What a phenomenal job you have done and your FIL obviously feels very safe and secure with you.

    I know that his daughters aren't coming to visit until August but that gives you time to make sure that you have a family meeting when they are there. It is not unreasonable for you to insist on that and it would give you the opportunity to place the responsibility for their Dad firmly where it belongs. And that includes your OH.

    There have been a few threads on here about difficulties with siblings so you have a lot to contend with but you sound as if you are a remarkable person as well as very competent. Just be wary of being manipulated into a position that could see you stuck for years with no way out.
  6. Lindy50

    Lindy50 Registered User

    Dec 11, 2013
    Hi and welcome :)

    As others have said, I think you are doing an amazing job. However, this is not what you signed up for, is it? Do you think you can continue caring for your FIL on an indefinite basis? Because no-one knows what the time scale may be, and the longer he's with you, the harder it will be to break the pattern.....

    I wonder, do you think that FIL could live alone with support? Some members on here have found supported living complexes, where the person needing help has their own flat but is monitored and supported. Many places provide meals, and some have regular care teams who can be brought in. There's a whole range. You might even look at a retirement village, which has lots of activities, communal lounge , bowls club, swimming pool or whatever.....and many have care homes on site, for when that time comes.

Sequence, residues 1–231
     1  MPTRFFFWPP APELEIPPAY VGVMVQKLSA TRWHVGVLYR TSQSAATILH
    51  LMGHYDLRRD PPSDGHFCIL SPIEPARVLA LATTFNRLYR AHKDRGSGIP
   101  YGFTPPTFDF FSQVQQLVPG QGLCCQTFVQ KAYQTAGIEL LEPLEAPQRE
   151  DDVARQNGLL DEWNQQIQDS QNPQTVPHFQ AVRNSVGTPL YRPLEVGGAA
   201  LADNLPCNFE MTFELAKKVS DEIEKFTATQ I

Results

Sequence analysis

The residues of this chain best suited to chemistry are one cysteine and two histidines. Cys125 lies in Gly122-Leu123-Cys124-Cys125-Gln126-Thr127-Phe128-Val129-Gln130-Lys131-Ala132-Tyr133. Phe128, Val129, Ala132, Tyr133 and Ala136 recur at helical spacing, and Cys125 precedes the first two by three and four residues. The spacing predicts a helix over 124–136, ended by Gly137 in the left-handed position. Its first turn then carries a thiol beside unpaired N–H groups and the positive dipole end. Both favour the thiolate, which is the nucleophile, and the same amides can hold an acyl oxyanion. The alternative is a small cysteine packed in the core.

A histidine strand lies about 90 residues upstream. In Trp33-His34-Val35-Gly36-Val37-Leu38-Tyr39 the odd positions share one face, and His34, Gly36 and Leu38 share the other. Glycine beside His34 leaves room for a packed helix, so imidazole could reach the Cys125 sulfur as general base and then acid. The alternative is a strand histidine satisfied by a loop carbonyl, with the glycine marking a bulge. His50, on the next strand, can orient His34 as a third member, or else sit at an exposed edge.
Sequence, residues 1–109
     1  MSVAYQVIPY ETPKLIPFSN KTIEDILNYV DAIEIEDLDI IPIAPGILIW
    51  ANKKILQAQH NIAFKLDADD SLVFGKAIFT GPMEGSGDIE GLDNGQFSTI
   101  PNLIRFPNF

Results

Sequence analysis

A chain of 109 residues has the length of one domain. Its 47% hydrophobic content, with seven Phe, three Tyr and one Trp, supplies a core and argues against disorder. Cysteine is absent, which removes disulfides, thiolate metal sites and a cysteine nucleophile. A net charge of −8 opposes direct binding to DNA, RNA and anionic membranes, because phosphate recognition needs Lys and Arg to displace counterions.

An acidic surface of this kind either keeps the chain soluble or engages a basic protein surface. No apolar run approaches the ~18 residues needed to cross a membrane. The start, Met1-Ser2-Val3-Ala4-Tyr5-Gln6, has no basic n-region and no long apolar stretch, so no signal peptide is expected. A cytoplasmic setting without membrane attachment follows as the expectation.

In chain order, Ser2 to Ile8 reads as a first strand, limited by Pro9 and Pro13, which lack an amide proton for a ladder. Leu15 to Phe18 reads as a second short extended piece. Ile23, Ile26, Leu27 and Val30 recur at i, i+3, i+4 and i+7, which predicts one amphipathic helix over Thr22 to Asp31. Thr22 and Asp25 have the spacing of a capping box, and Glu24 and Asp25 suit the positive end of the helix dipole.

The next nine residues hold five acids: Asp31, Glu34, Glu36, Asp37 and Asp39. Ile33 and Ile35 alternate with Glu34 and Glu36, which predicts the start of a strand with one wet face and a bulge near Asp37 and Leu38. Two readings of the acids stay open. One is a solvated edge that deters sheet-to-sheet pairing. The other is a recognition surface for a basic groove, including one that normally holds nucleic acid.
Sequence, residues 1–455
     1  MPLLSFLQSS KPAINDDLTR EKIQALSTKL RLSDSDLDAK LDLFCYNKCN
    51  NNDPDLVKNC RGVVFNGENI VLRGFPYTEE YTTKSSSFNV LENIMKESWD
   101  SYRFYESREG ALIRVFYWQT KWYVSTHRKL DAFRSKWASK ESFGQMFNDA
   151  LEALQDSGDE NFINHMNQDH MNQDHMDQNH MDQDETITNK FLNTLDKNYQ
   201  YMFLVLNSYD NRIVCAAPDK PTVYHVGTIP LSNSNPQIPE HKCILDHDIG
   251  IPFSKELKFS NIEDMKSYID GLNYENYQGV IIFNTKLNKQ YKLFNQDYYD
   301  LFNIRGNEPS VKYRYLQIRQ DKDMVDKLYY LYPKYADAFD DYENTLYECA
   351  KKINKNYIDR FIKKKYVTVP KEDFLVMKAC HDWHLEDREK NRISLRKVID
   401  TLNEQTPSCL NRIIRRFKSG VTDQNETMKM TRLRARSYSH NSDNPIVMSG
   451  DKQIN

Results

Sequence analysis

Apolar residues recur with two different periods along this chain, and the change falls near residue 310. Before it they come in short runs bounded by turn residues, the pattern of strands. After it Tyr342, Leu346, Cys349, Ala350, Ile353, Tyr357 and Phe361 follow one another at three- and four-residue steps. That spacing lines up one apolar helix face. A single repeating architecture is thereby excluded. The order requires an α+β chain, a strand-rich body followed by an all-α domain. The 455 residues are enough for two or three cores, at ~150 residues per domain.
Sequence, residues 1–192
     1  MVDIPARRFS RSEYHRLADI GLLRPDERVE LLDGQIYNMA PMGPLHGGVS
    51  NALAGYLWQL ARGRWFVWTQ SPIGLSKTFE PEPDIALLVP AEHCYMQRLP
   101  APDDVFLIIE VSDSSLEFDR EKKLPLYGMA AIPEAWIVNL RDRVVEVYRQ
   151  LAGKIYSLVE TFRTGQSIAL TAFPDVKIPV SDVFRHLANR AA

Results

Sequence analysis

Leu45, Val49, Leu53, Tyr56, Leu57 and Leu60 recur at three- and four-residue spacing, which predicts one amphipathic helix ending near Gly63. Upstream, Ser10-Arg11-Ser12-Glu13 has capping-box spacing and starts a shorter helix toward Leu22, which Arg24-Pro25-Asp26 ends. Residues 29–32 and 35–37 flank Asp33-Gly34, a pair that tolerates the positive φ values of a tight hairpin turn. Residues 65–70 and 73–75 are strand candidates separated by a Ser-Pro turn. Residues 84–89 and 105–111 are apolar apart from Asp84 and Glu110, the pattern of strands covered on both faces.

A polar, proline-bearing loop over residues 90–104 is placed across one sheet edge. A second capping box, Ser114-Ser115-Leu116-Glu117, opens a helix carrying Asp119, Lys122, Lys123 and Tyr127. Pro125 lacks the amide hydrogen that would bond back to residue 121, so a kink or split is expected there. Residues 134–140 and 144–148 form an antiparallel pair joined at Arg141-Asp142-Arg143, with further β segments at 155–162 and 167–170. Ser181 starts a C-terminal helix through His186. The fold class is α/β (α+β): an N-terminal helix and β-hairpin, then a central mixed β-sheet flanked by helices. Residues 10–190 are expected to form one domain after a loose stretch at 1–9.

So I guess I'm saying....can you commit to years of very demanding care for FIL? If not (and that would be more than understandable) there are lots of other options.

    I would suggest that you take a long hard look at the situation now, before arrangements become entrenched. And of course, reassure FIL that you will not abandon him, will always visit etc and ensure he is okay.

    Hope this helps :)

    Good luck

    Lindy xx
  7. CollegeGirl

    CollegeGirl Registered User

    Jan 19, 2011
    North East England
    Hello, and a warm welcome from me too. I agree with everyone else! You've done a marvellous thing for your FiL, but it seems that like you say, he's latched on to you for the security that you have given him, and given the circumstances this is a bit unfair on you. You're obviously a very kind and caring person, and of course you want to do the right thing by him.

    Unfortunately dementia is a progressive disease and things are likely to get worse :(. I agree that a family meeting is needed, and some decisions agreed. I hope you get lots of support and help from the rest of the family.

    Good luck, and keep posting!
  8. Sootywren

    Sootywren Registered User

    Jun 20, 2015
    Ringwood, Hampshire
    Thank you

    Thank you all, I will take on board those really helpful comments.
    Unfortunately no Admiral nurses locally
    I have registered FIL with a GP so will arrange to see him to see what assistance we can access. I may also try social services re accommodation possibilities. FIL is lonely and needs more social interaction.

    Today he took himself off to the pub and found some people to talk to, however he got lost on the way back and I had a phone call to say the police were with him. I was only at work for 4 hours but feel like I am a bad "parent" He had a house key and the police waited for me to get home, they were very kind.
    Still he now has a card in his pocket with his cheque card with his name address and my phone number. Now off to the pub to leave name and address there

Share This Page

  1. This site uses cookies to help personalise content, tailor your experience and to keep you logged in if you register.
    By continuing to use this site, you are consenting to our use of cookies.
  1. This site uses cookies to help personalise content, tailor your experience and to keep you logged in if you register.
    By continuing to use this site, you are consenting to our use of cookies.